I don't think most people get enough (not simply enough to prevent a deficiency but to have health benefits)
That's a very general statement. Perhaps you could firm it up with some scientific evidence to indicate that there are your implied "health benefits" from taking levels of "B" vitamins over those required to prevent deficiency.

QUOTE(LifeMirage @ Feb 10, 2009, 02:00 AM) *
Many compounds don't get metabolized and are excreted intact, however it has no bearing on it having no effect or being a waste.
Eh? What's that got to do with paying for aggressively marketed supplements with the implication that are they beneficial to naive healthy individuals who do not necessarily need them. Those individuals would be better advised to improve their diets and would then obtain all of the essential nutrients and micronutrients along with the essential roughage that really is in short supply in the modern processed food menu.

QUOTE(Orbz @ Feb 10, 2009, 07:03 AM) *

I agree, using the argument- why take more vitamins if they are just going to be excreted?- seems to be pharmacological double standards. The case is also true that if you take more methamphetamine, you excrete more methamphetamine, and we all know what happens when you take more methamphetamine....
So you are saying that even if there is no indication for a dietary supplement, one should still take them, even though there is evidence that excess over normal requirements is excreted (and is thus a waste of time and money)? Your methamphetamine example does not support the case for taking an excess of essential nutritional factors that are found in sufficient quantities in a typical diet, but when the required intake level is exceeded provide no extra nutritional or metabolic advantage. (Recommended intake levels can be found here: http://ods.od.nih.gov/Health_Information/I...pplements.aspx)

The benefits of many supplemented dietary components, including vitamins, over and above the intake from a balanced diet, are often shown to be not conclusive and are on occasions even harmful. With respect to the "B" vitamins, niacin >100mg can impair liver function. Who knows what the intake levels are of OTC products taken by self-dosing members of the general public? Have you seen the font size on some of the OTC bottles, labels and datasheets (if included)? But I'm not really trying to say that vitamin overdosing is a great toxicological problem; rather, that a lot of money is going down the drain (often literally). And, of course, there are instances of clinical illness due to vitamin deficiency (e.g. B12 impaired absorption with possible required cyanocobalamin therapy), or where clinical recommendations for a temporary increase in intake levels are appropriate (esp B6 - folate).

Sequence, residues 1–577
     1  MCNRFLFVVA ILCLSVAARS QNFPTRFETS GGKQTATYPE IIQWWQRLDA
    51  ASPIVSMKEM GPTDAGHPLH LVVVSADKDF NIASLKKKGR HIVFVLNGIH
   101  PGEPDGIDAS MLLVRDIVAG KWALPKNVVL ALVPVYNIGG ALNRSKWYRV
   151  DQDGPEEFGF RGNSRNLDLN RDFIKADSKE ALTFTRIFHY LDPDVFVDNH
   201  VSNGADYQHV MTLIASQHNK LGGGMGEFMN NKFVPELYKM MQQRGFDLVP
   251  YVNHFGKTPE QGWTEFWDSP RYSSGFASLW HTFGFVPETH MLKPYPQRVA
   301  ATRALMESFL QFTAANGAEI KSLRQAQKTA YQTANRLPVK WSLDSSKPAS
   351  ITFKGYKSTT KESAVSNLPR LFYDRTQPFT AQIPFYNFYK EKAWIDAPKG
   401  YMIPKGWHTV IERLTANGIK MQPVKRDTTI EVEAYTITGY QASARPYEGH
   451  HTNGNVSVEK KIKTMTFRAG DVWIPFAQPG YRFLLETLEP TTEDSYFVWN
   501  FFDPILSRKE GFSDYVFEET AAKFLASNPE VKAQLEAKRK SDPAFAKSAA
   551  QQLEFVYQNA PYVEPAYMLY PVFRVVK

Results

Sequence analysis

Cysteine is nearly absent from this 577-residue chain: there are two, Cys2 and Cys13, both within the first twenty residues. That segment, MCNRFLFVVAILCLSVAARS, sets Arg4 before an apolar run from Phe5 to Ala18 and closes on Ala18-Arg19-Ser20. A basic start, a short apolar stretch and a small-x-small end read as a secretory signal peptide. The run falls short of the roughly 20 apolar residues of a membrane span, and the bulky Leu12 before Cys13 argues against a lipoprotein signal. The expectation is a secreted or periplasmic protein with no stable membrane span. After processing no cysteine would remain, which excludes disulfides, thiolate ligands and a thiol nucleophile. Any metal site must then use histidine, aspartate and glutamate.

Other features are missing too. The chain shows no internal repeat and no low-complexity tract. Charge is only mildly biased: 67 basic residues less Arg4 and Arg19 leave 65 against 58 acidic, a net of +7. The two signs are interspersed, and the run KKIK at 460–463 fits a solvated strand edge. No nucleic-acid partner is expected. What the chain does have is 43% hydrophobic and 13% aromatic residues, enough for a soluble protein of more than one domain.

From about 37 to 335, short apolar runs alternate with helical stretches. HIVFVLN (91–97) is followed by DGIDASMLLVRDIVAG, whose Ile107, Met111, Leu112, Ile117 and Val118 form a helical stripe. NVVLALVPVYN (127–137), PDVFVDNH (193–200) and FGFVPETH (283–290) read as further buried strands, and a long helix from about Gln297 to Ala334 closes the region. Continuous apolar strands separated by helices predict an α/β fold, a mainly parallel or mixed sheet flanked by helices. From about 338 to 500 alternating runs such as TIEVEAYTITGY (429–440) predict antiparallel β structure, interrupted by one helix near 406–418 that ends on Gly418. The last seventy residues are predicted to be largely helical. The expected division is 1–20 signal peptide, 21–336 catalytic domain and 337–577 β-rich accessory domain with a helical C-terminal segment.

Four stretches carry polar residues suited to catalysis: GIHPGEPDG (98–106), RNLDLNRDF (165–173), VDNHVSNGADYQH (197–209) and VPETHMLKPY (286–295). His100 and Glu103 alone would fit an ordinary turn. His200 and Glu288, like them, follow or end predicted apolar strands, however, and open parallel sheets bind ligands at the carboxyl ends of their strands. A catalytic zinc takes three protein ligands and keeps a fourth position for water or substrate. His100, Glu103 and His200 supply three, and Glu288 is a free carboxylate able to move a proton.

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Rick
post Feb 10, 2009, 01:13 PM
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So I guess the old saying "An apple a day keeps the doctor away" (Ben Franklin) might be true. I think exercise is the most important way to maintain health. It makes you hungry, which helps to assure a good diet (in knowlegeable people).
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Hey Hey
post Feb 10, 2009, 02:06 PM
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QUOTE(Rick @ Feb 10, 2009, 09:13 PM) *

So I guess the old saying "An apple a day keeps the doctor away" (Ben Franklin) might be true. I think exercise is the most important way to maintain health. It makes you hungry, which helps to assure a good diet (in knowlegeable people).
Not much in an apple, unfortunately. But a good way for primitive humans to obtain clean water (with a few minerals and a bit of roughage thrown in) and clean their teeth. However, the principle is sound. But watch those high acid fruits as they dissolve tooth enamel. Certainly one should give one's teeth a recovery period of about 20 minutes after eating citrus fruits or drinking fruit juice. (And even more time after a coke - hence the phrase, "There's no rest for the wicked!"
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Orbz
post Feb 10, 2009, 05:53 PM
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QUOTE(Hey Hey @ Feb 11, 2009, 05:40 AM) *

So you are saying that even if there is no indication for a dietary supplement, one should still take them, even though there is evidence that excess over normal requirements is excreted (and is thus a waste of time and money)?
No, I was arguing for a more fundamental principle and not arguing for either the positives or negatives of supplements. I was trying to say that excretion has a complex relationship with efficacy and just because we excrete a lot of something, doesn't mean that it's not being used on its way out even if it is excreted unchanged. The methamphetamine example was to point this out. As this is a supplement forum, let's take magnesium. Even though taking lots of magnesium will result in most of it being excreted, taking lots will lead to an acute state of confusion/delirium presumably through interactions with nmda receptors. Just 'cause its being excreted doesn't mean its not doing anything.